Recommended Read, Review

Review: You, Me and the Sea by Elizabeth Haynes (2021)

Heat Factor: Think “roaring fire in a simple wood cabin” and you’ll have it

Character Chemistry: It’s like a healthy dose of sexual healing along with some blustery island magic

Plot: Two emotionally immobilized people find themselves on a misty Scottish island filled with birds and combust, and aren’t ever the same again.

Overall: This book just completely blew up my week because it was so incredibly good and I have not been okay since.

How to even start–this book is one of THOSE BOOKS, where you’ll find yourself mentally reaching for that really awesome, comfortable feeling you just had (Did I just eat a good snack? Was it those fuzzy socks I just took off? What was I doing that felt so good??) only to realize it was the book you just closed and now you just want to start it over again so you can feel that way again, only you can’t un-read what you already read, and so you’re bereft. It’s that kind of book.

Rachel finds herself in need of an escape–so when her friend suggests she take a temporary position at a blustery Scottish island helping host birders and scientists, she says yes. Rachel. I have never in my life read a character who hits anxiety and shame-spiraling this clearly and perfectly in my life. She gets these little intrusive self-cutting thoughts flitting through her brain; she’s crippled with fear by her past mistakes and is vigilantly on the lookout for her future ones. When she arrives, she’s constantly surprised by her appetite because she’s been so tense for so long. While any impartial observer can see that she’s thoughtful and smart, kind and brave, she sees only her failures and humiliations, and she can’t cope. It doesn’t matter that the things that happened weren’t all her fault and that in a lot of ways she’s been wrung out by careless assholes–she’s just stuck in this fog of shame. 

Fraser is also kind of stuck in the fog. He’s caretaker on this Island of Must, and he’s thus managed to avoid any sort of deep emotional connection simply by avoiding extensive human contact. He found himself here a few years after the death of his young sister, and he’s super messed up. However; he’s also capable and thoughtful, caring, nurturing. He wants to be grumpy and ruthless, but that’s not him. So he’s stuck in this state of helplessness between rage and shame and sadness and he can’t really get out. 

So that’s the set up–two really good people, frozen by trauma, on a blustery, run down little island in a lighthouse with birders popping in occasionally. PLUS, I can’t ruin it but there’s a little thread of intrigue as well as a power-flexing and out-of-touch manager, etc. And the whole relationship and plot is squeezed by the knowledge that Rachel’s time there is temporary, and that their life is so different there, so safe, that leaving the island almost feels…wrong. What are they going to do? And how are they going to do it together?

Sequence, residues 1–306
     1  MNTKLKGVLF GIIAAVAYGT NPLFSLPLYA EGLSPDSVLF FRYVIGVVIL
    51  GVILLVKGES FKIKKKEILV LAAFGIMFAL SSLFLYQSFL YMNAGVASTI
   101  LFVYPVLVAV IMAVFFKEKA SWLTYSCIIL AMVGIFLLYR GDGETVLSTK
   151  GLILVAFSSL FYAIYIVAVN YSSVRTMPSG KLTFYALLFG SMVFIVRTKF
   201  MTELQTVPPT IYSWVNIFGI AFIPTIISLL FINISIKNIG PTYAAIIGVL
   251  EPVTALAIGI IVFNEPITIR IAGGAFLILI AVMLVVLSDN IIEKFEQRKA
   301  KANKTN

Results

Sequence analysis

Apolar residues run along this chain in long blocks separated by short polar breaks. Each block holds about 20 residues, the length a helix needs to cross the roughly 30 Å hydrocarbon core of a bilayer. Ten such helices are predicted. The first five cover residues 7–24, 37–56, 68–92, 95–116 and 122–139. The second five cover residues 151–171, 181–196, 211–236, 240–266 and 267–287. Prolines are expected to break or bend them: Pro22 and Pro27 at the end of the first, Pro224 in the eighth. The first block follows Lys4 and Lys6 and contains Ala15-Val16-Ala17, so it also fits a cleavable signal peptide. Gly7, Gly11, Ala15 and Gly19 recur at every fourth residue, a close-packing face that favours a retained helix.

This is the thing that startled me a little–Fraser and Rachel are real and imperfect. Rachel’s got stretch marks and talks nervously. Fraser barely talks, and he’s like this massive, hairy bear. But he cooks her amazing food every night, and they drink nightcaps and gently prod each other’s emotional wounds, and then they kind of just…combust? You’re so aware that they’re just these normal humans that the combustion is kind of a sneaky thing. The things that make them fall in love with each other are in their daily interactions, so it’s oddly surprising when their escalation is so sensual–at one point they’re getting intimate in a mildewy room with a comforter from the 80’s and she strokes his rounded tummy after running her fingers through the hair on his shoulders and chest. It’s not an idealized sex scene between two idealized people–it’s kind of a raw and gentle unwinding of two people who finally feel seen. 

The scenery is visually so arresting that you feel like you’re wrapped up in a blanket in a lighthouse, too. So closing the book to discover you need to go to Target and pick up more dish soap is kind of jarring, if I’m honest. I’m still recovering. And I want a paper copy so I can hold it in my hands and pretend I’m away on an island covered in birds and someone is cooking soup to go with my cheese scones, and there’s a big shaggy dog in the corner, and… 

I voluntarily read and reviewed a complimentary copy of this book. All thoughts and opinions are my own. We disclose this in accordance with 16 CFR §255.


Buy Now: Amazon

2 thoughts on “Review: You, Me and the Sea by Elizabeth Haynes (2021)”

  1. Oh. My. Gosh. I loved this book. Thank you so much for suggesting it. It was atmospheric and believable. And I loved how the relationships were earned and imperfect. So good!

    Liked by 2 people

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